My great aunt stood with the Founders of the Republic, because she, like them, was able to see the principle involved in small things. That capacity is something lacking from the over-paid, self-adulating, pea brains in the U.S. press. It is also something lacking from a public whose only principles of action are its gluttonous wants and concocted fears. And extensive industries exist to feed both.

In a few days, we will all be subjected to nauseating spectacles of Amurkans indulging their “freedom” and “independence.” By now chronically obese denizens will drag their larded bodies to the Washington Mall to listen to loud, trashy, music and to hear Hollywood’s bimbettes du jour squeal about our great land, our great this-n-that and our great everything. The participants will hug their perpetually “at risk children”, gush over our "valianservicemenanwimin” and puff up their sagging bellies to make like a chest while they sing about living in the land of the brave. And they will do all this once they have been granted access to the fenced-off public mall after being frisked, searched, scanned, and identified by armed safety thugs in state employ.

It would be sad were it not so revolting. In the end, history will shed few tears for this country's last generations who, like the Romans of yore, have become a nation of slaves while thinking they were masters of the world.

© WCG, 2006

Tuesday, June 27, 2006

Pentagon palavers “Risk” to Oil Supplies

The Financial Times reports that a Pentagon study decries the “risk” to oil supplies presented by Ibero-American “nationalism”. According to the military’s risk mavens, this risk can only be allayed by a change in the “investment” climate.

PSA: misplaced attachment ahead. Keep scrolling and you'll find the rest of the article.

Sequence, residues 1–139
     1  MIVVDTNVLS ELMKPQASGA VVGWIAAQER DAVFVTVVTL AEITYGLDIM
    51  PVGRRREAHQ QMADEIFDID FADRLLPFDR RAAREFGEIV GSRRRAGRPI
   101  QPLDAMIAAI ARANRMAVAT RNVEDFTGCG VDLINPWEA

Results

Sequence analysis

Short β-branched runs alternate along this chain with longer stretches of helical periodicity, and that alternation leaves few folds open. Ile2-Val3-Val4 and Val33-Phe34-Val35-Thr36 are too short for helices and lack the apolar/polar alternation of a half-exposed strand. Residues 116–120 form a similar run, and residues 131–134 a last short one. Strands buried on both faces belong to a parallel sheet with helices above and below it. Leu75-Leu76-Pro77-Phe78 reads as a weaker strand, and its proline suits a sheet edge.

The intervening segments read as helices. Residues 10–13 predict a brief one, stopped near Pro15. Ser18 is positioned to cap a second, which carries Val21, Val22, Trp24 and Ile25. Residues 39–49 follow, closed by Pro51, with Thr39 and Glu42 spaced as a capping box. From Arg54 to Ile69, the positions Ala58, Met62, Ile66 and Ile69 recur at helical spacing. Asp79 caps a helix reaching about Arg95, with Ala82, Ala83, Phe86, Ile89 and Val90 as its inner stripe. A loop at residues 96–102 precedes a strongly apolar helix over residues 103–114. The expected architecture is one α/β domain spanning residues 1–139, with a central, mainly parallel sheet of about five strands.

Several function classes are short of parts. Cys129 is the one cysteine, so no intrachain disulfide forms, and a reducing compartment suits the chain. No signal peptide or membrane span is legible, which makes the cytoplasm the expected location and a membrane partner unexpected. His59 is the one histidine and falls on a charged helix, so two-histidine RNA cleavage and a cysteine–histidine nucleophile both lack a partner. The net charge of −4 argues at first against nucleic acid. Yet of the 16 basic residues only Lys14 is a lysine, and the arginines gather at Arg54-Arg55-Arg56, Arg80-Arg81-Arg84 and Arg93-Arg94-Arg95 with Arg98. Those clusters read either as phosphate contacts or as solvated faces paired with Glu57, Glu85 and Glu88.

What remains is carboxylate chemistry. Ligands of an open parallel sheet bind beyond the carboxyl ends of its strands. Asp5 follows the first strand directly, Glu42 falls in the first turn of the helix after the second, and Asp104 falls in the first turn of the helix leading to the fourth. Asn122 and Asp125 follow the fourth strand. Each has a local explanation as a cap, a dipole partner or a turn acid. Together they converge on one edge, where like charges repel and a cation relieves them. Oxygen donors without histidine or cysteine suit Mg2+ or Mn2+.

Translation: if Bolivia and Ecuador and Mexico own their own oil, that presents a risk that needs to be changed by our owning it.

Anyone still wonder why the U.S. is loathed by the peoples of hispanic America?

By the way, Mexico has owned its oil since 1938 when it was nationalized by Pres. Cardenas. Has the flow of Mexican oil to the U.S. been “at risk” for all these 60 years?

©WCG, 2006

Sunday, June 25, 2006

Results are More to the Point than Plans

At a 9/11 conspiracy conference being held in Los Angeles, Webster Tarpley, author of 911 Synthetic Terror; Made in USA, said the September 11th attacks were "state sponsored, false- flag terrorism" designed by rogue CIA elements as a pretext to turn the United States into a police state.

What is indisputable, at any rate, is the result and the result is not less reprehensible because it may have been a reaction instead of a plan. Dramatically horrorific as the attacks on the WTC were, they were mere pin-pricks in comparison to other acts of unprovoked or unbridled agression that have stained history. It was hardly surprising that a global power should get punched up now and again. While any attack on the WTC certainly warranted a response, it did not warrant the deconstruction of civil rights and freedoms.

©WCG, 2006

Thursday, June 15, 2006

Supreme Court Drives Dagger into Corpse of Fourth Amendment.

In a 5-4 decision, with Justice Scalia in the lead, the Republiscam majority of the Supreme Court held today that non-compliance with constitutional “knock notice” rules did not require suppression of subsequently seized evidence. In practical effect, this means that Murkans have now attained the same status as Iraqis under U.S. liberation.

A little background for those who may have been ignoring the Fourth Amendment for the past decade or two. The amendment requires a judicially issued warrant before government agents can forcibly enter your home, make a mess of it, and seize what they say is evidence of a crime. After all, we all can remember the melodramas of Wehrmacht soldiers stomping around in hobnailed boots, kicking down doors, and we wouldn’t want that in God’s Country now, would we?